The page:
Daily briefing: Oxford–AstraZeneca COVID vaccine works — but scientists have questions


Early data indicate that the Oxford–AstraZeneca jab is effective, but dose makes a difference. Plus, the scientific dilemma posed by emergency vaccine approvals, and an AI that sums up papers in a sentence.

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Semantic Scholar, a scientific search engine, will automatically generate one-sentence summaries of ten million computer-science papers. Papers from other disciplines should be getting summaries in the next month or so. The tool was trained on papers, their titles and human-written summaries. Since 2018, the website Paper Digest has offered summaries of papers by extracting key sentences from the text.

Nature | 4 min read

Scientists in Spain are cautiously celebrating a surprise research-budget increase, which they hope could reverse some of the damage done by a decade of deep cuts. If approved, the boost would raise the science ministry’s budget to €3.2 billion (US$3.8 billion) — the most ever earmarked for science in Spain. But some researchers fear that the windfall, which comes courtesy of a European Commission COVID-19 recovery fund, might not be sustained after the European money runs out.

Nature | 5 min read

COVID-19 coronavirus update

A health care worker in Ankara injects the a syringe of the phase 3 vaccine trial from U.S. Pfizer and German BioNTech company. A health care worker in Ankara injects the a syringe of the phase 3 vaccine trial from U.S. Pfizer and German BioNTech company.

Trials of the Pfizer/BioNTech vaccine suggest that it is highly effective at preventing COVID-19.Credit: Dogukan Keskinkilic/Anadolu Agency/Getty

Dilemma of emergency vaccine approvals

Scientists are concerned that the early deployment of promising COVID-19 vaccines could compromise ongoing clinical trials that seek to show conclusively how well they work. Following the release of early data from phase III trials on 9 November, vaccine makers Pfizer and BioNTech have sought regulatory permission to deploy their vaccine under emergency-use rules. The developer of another leading vaccine, Moderna, is expected to do the same within weeks. Once a vaccine is granted emergency approval, trial participants who received a placebo will be understandably keen to get the real thing. But if too many people cross over to the vaccine group, the companies might not have enough data to establish the long-term effects of the vaccines, including safety, how long protection lasts and whether the jab prevents infection or just the disease.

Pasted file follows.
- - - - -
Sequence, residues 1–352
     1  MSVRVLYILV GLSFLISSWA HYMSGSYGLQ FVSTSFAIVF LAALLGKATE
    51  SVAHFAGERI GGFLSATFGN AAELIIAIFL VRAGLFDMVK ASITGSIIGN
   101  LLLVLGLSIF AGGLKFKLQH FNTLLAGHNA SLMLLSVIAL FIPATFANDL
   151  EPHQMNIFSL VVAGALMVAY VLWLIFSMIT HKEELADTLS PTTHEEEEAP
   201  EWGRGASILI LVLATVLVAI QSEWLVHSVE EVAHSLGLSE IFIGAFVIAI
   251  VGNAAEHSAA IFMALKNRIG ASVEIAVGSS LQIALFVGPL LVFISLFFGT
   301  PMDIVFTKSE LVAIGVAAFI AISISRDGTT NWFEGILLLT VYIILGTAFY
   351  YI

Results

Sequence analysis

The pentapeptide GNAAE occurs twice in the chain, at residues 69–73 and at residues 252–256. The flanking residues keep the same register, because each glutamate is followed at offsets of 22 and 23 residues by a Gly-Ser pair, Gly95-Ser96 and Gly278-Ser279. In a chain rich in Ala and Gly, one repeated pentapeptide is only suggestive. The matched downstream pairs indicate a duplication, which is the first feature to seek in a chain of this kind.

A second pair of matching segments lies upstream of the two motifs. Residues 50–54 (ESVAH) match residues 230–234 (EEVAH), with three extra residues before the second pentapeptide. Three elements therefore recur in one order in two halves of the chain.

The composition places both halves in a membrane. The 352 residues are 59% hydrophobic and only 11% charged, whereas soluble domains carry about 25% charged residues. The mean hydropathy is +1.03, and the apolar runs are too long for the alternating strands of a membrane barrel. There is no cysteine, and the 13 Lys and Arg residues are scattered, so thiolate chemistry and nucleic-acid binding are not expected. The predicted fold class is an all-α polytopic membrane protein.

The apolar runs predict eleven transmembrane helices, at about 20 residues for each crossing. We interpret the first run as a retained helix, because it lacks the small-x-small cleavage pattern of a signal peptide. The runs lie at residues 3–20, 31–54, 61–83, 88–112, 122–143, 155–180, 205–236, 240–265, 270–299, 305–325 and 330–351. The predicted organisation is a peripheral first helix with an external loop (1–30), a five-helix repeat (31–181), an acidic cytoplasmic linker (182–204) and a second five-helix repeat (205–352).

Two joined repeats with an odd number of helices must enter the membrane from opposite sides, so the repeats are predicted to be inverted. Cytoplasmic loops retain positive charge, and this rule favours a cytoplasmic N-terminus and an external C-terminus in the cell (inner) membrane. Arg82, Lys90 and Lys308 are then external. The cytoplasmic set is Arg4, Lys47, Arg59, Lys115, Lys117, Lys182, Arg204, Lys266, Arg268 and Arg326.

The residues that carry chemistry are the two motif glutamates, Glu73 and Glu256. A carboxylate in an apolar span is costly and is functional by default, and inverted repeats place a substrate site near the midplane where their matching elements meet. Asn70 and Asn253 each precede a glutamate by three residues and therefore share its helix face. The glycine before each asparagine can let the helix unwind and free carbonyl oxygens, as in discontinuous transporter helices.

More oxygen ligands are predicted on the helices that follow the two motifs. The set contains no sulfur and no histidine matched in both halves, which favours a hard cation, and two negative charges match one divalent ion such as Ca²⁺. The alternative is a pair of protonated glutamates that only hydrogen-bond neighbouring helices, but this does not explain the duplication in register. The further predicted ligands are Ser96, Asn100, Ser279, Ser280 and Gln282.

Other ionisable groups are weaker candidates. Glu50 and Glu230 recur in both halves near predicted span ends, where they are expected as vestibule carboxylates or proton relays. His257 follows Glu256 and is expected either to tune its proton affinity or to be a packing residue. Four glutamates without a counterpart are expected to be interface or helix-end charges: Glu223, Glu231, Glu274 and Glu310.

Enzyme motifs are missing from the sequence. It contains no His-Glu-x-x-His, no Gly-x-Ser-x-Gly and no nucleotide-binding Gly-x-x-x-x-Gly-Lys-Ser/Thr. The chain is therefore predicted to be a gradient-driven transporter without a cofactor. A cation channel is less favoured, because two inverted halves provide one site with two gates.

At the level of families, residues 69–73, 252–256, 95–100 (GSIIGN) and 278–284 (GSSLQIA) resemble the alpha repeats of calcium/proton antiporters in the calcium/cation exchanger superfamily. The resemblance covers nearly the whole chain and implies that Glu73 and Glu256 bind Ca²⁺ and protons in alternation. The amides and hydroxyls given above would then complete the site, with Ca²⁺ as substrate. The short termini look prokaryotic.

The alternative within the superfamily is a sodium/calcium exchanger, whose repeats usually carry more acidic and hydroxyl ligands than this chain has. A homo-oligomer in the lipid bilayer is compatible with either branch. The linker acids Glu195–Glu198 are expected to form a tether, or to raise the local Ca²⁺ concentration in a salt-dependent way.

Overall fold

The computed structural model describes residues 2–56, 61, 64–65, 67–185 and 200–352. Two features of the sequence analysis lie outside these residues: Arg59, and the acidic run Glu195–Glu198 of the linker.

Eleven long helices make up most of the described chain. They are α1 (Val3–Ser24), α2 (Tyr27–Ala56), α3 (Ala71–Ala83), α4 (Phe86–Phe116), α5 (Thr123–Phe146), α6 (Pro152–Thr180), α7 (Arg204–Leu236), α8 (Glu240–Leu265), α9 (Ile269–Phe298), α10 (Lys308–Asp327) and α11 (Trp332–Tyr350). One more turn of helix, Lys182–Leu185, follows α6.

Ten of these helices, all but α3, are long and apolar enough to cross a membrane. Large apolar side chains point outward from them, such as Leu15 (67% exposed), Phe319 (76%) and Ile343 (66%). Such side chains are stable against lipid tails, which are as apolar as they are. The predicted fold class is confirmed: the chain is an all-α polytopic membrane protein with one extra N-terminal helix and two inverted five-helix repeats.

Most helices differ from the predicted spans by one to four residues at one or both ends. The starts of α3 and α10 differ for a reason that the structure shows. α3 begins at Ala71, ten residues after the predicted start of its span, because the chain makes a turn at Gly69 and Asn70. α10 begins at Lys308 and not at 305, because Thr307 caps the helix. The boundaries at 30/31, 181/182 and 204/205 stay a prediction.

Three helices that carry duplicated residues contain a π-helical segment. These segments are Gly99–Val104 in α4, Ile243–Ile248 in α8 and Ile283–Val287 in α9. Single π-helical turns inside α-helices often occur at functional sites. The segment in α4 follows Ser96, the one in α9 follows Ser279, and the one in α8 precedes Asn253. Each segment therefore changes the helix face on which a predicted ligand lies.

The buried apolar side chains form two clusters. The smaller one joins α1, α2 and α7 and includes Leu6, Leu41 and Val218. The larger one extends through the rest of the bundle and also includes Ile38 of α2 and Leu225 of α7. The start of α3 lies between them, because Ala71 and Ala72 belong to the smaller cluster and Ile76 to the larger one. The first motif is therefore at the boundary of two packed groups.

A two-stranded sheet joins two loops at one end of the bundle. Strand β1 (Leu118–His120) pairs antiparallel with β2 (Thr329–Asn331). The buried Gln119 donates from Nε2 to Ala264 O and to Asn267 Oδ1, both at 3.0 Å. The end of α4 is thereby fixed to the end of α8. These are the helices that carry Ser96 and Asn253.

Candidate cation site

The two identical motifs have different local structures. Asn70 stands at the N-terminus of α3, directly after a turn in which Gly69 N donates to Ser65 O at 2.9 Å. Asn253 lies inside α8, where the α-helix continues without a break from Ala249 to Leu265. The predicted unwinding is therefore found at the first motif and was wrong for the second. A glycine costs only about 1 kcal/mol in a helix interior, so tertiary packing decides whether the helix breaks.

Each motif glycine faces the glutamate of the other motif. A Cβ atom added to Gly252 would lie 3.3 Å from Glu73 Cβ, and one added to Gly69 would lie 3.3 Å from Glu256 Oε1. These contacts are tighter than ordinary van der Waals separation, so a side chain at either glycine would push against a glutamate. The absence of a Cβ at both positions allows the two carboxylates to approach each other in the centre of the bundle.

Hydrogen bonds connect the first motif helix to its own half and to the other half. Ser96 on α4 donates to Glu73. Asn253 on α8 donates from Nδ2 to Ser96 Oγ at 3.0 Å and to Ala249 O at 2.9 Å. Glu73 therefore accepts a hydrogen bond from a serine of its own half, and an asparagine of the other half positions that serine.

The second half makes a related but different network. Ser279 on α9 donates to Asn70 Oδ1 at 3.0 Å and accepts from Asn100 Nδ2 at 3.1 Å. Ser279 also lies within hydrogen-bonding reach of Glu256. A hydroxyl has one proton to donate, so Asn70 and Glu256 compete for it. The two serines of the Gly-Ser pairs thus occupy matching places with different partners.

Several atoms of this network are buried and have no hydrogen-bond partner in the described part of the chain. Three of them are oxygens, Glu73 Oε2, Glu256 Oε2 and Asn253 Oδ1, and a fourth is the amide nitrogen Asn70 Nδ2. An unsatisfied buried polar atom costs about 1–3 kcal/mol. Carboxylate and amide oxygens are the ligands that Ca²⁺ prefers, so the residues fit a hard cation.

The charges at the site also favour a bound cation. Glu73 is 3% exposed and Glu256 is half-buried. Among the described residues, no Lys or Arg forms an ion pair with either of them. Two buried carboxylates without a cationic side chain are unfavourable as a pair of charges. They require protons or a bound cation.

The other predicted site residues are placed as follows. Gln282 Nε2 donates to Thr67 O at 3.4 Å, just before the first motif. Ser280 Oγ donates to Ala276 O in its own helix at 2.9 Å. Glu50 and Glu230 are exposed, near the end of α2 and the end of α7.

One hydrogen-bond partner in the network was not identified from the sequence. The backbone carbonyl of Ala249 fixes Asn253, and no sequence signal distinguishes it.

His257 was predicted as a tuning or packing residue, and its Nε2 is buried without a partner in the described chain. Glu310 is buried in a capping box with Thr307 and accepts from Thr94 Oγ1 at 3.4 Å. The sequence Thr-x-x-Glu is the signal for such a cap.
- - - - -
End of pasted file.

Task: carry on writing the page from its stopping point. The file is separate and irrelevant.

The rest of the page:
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Nature | 6 min read

Oxford–AstraZeneca vaccine is effective

Early data show that a vaccine candidate from the University of Oxford, UK, and pharmaceutical company AstraZeneca is highly effective. But the analysis found a striking difference in efficacy, depending on the dose. A regimen of two full doses was 62% effective. Among around 3,000 people who were given a half-sized first dose and a full-sized second dose, protection was 90%. A top priority for researchers is finding out why.

Like results reported for the Pfizer–BioNTech, Moderna and Sputnik V vaccines, the exciting news is based on data that have not yet been peer reviewed. Despite not matching the lofty 95% efficacy bar set by Moderna, Pfizer and BioNTech, the Oxford–AstraZeneca option has its advantages. It can be stored at standard fridge temperatures and it might be cheaper to manufacture than some others. And AstraZeneca has pledged to sell doses at no profit, at least during the pandemic.

Nature | 6 min read

SARS-CoV-2 relatives found outside China

Samples from lab freezers in Cambodia and Japan have yielded the first known relatives of SARS-CoV-2 found in bats outside China. The finding contributes to growing evidence that SARS-CoV-2-like viruses are relatively common in horseshoe bats both inside and outside China. Studying such viruses could contribute to understanding of SARS-CoV-2’s animal origin.

Nature | 6 min read

Reference: Emerging Infectious Diseases paper

Notable quotable

Vaccinologist Sarah Gilbert, who leads the development of the Oxford–AstraZeneca COVID-19 vaccine, explains how the team was prepared to make a vaccine against a new foe so quickly. (BBC | 8 min read)

Features & opinion

Black people are seriously under-represented in UK academia. But efforts are under way to create support networks for Black professionals in the UK science, technology, engineering and mathematics (STEM) workforce. Nature spoke to the founder of one such initiative — BBSTEM (Black British professionals in STEM) — and two early-career scientists who have participated in its programmes. “It can be exhausting to have to hide aspects of your character because of the fear that people will judge you and not your research,” says atmospheric scientist Craig Poku.

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Nature | 8 min read

I’m sorry to say that we had a glitch on Friday that meant that the Briefing didn’t reach everyone. I’ve repeated a handful of unmissable items today. If you want to catch up on the rest of Friday’s e-mail, you can read it here.

Our well-insulated wanderer Leif Penguinson remains well hidden in the ice and snow of Fort Erie, Ontario. Can you find the penguin? When you’re ready, here’s the answer.

This newsletter is always evolving — tell us what you think! Please send your feedback to briefing@nature.com.

Flora Graham, senior editor, Nature Briefing

With contributions by Smriti Mallapaty

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